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  Red Moon Tide Not In Their Nature
Year: 2020
Director: Lois Patino
Stars: Rubio de Camelle, Ana Marra, Camren Martinez, Pilar Rodlos
Genre: Drama, WeirdoBuy from Amazon
Rating:  6 (from 1 vote)
Review: Ah, Rubio, there was a man, the villagers all agree, the only one who took matters into his own hands and sought to thwart the sea monster which had been ruining their fishing catches. He was a hero who endeavoured to rescue the imperiled from the deep, and would regularly save people from drowning, but now it seems those days are over when he failed to return from one excursion, and the villagers are left utterly bereft. What can they possibly do now all hope appears to have gone? One thing they can do is stand about the landscape, on shore and in the nearby forest, and muse over their fate, for if they cannot work out a way out of this predicament with Rubio gone, then there is no hope for any of them, and they might as well give in to the approaching devastation...

Red Moon Tide, or Lua Vermella as it was originally called, was one of those art movies that was going to appeal to a very small group of people, and either baffle the rest or leave them completely stupefied with boredom. It would be all too easy to let the watery imagery wash over the viewer, and indeed director Lois Patino looked to be actively encouraging that reaction, but that did not necessarily mean you could not be engaged with it, as if you got on its wavelength you could find yourself in a state of palpable disquiet once its implications began to sink in. At heart it was a tale of climate change and the ramifications that would bring to the world, as witnessed in a small part of Spain, Galicia to be precise, a land well known for striking countryside that was well to the fore in this.

The naysayers would see the cast, a collection of amateurs, standing about in a daze (apparently they were hypnotised for their roles, in the way Werner Herzog set about Heart of Glass back in the seventies) amidst some variously picturesque locations and wonder what on Earth the point of watching any further would be; certainly when three "witches" show up and start draping white sheets over them, the piece skirted close to self-parody. But that soundtrack told a different story, a combination of sinister, beastlike moans and groans, portentous narration that did not clear up very much, menacing musical themes and the occasional sound effect like a crash to startle you out of a possible stupor, or footsteps making their journey across the sodden ground. One hesitated to term it immersive, that being a buzzword that many entertainments and artworks alike strive to achieve in the twenty-first century, but that was patently aimed for.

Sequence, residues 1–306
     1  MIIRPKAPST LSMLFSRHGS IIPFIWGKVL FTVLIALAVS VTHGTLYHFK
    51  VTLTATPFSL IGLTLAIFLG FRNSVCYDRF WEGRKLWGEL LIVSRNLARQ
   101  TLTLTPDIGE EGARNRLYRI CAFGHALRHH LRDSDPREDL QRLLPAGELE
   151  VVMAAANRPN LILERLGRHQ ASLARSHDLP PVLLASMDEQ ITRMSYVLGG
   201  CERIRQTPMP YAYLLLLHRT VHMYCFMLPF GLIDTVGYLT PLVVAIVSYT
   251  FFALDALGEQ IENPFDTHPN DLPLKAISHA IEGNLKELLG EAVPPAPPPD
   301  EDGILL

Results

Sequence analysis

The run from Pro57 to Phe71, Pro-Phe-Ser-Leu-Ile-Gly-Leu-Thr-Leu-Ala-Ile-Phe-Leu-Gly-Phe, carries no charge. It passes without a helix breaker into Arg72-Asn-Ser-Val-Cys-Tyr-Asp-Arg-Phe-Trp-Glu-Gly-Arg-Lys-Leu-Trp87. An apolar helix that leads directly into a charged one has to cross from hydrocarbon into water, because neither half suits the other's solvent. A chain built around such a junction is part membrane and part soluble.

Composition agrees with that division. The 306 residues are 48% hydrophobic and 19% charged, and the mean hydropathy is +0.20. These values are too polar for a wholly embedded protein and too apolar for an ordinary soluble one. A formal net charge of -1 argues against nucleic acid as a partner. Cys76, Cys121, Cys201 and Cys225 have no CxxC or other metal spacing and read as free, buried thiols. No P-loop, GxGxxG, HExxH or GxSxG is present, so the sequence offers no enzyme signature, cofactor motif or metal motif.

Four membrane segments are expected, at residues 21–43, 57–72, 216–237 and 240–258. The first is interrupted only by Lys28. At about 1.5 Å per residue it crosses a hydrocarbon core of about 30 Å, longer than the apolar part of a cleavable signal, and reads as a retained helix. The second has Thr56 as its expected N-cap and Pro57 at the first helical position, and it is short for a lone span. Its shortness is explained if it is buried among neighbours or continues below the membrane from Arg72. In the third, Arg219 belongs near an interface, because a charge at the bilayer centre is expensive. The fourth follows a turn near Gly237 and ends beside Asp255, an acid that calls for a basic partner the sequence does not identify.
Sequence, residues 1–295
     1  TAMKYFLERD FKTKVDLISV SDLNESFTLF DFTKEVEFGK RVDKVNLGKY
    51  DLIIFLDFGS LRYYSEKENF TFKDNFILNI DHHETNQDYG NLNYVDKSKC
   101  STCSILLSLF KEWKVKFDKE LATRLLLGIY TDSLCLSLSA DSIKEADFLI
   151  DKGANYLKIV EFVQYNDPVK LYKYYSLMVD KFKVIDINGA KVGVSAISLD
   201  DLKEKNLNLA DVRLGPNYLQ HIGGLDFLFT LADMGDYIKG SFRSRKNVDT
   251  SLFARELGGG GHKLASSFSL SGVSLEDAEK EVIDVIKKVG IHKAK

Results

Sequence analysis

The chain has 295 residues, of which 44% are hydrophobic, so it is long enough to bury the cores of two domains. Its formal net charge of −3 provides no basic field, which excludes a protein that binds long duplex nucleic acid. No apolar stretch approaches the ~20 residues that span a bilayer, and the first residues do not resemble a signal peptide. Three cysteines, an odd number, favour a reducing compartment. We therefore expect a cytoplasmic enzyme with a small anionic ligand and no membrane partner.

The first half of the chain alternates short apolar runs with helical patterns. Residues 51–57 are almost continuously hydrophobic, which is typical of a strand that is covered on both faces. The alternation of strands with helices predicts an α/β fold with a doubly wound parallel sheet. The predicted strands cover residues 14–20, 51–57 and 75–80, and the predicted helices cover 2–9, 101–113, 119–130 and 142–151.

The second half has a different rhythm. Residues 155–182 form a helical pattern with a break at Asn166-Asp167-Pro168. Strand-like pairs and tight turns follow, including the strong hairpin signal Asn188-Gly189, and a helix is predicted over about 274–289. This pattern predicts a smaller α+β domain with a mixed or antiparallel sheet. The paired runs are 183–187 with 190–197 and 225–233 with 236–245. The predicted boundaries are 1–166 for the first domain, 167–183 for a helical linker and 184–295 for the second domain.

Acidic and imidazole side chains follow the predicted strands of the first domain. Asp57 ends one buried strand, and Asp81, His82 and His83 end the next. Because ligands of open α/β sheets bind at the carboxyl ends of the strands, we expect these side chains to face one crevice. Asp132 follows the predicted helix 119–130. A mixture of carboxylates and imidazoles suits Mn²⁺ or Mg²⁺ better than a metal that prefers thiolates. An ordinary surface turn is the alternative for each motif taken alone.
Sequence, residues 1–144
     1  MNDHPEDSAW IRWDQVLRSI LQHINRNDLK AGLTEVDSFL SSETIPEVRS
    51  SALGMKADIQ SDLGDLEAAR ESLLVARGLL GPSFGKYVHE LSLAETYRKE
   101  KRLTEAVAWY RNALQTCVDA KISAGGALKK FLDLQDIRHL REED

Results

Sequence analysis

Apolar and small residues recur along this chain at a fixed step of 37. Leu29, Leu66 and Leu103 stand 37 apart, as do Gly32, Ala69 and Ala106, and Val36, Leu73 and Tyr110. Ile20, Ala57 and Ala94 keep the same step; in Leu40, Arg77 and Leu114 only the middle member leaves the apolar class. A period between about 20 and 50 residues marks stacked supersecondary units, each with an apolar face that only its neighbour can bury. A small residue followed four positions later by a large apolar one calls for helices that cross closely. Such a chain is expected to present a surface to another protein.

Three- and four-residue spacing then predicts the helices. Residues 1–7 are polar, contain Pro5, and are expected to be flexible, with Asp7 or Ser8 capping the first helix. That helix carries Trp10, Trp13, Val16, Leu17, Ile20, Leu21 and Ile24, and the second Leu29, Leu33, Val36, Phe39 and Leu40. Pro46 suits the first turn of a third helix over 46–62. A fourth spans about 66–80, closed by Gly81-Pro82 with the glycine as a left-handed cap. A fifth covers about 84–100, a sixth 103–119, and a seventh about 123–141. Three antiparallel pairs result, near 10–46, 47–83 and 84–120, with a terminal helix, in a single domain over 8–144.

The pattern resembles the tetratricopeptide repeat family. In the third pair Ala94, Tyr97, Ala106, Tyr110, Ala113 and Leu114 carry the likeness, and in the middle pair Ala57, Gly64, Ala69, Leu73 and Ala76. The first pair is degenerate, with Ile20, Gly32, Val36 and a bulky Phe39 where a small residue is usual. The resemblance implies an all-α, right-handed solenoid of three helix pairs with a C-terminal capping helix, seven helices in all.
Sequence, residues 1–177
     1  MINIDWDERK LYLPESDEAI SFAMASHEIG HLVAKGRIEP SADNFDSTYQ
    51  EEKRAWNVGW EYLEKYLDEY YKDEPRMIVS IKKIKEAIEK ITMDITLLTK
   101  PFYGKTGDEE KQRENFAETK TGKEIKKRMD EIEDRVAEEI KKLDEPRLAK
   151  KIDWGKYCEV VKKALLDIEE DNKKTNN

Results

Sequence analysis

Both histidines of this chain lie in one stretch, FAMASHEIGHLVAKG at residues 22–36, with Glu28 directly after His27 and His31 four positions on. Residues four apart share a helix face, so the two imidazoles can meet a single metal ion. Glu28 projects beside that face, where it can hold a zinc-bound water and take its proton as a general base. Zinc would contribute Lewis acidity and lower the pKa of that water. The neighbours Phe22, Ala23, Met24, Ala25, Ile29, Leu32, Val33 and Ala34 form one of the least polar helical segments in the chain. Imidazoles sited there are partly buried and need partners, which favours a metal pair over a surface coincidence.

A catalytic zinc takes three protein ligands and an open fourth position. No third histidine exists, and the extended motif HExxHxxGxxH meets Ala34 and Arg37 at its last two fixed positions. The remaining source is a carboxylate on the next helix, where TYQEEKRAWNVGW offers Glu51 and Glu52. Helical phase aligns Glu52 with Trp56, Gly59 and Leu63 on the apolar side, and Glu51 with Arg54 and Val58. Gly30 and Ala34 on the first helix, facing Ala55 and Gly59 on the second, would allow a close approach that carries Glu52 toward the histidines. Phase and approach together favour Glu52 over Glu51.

There was a plot of a kind, though you could be forgiven for missing it, so perhaps a better experience with Red Moon Tide was to take it all in and see where the moods it elicited led you. Although there were undoubtedly attractive sights to be seen in this region of the world, the film did not present a travelogue, preferring to mix and match its views between striking nature shots and some grimmer footage ranging from closeups in difficult to make out caves of gloom or house interiors that had been somehow affected by this looming catastrophe we kept hearing about. The apocalyptic quality of the tone was also very much of its time, what with climate change a daily news story by this point, though here it was posited as a mythical event, not because it was not true, but because it was featuring the return of some leviathan to the stage should the fallen hero not be able to get back up again. If that was a little silly, then the director did not style his picture that way, leaving it with the utmost seriousness to linger as much in the mind as it did on the screen. No, not one for mass appeal, but it did tap into something.

[Click here to watch on MUBI.]
Reviewer: Graeme Clark


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